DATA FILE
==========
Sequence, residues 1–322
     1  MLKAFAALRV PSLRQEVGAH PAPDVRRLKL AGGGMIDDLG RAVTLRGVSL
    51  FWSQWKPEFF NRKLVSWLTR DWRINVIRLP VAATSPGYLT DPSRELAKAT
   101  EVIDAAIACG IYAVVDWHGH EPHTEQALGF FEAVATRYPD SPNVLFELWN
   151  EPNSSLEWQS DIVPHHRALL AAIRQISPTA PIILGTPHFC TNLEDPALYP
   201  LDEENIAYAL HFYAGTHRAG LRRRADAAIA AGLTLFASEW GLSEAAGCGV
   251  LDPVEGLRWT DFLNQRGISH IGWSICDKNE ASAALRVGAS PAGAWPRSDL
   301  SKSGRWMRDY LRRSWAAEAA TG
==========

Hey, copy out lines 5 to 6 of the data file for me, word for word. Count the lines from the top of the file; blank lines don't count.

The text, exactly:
   151  EPNSSLEWQS DIVPHHRALL AAIRQISPTA PIILGTPHFC TNLEDPALYP
   201  LDEENIAYAL HFYAGTHRAG LRRRADAAIA AGLTLFASEW GLSEAAGCGV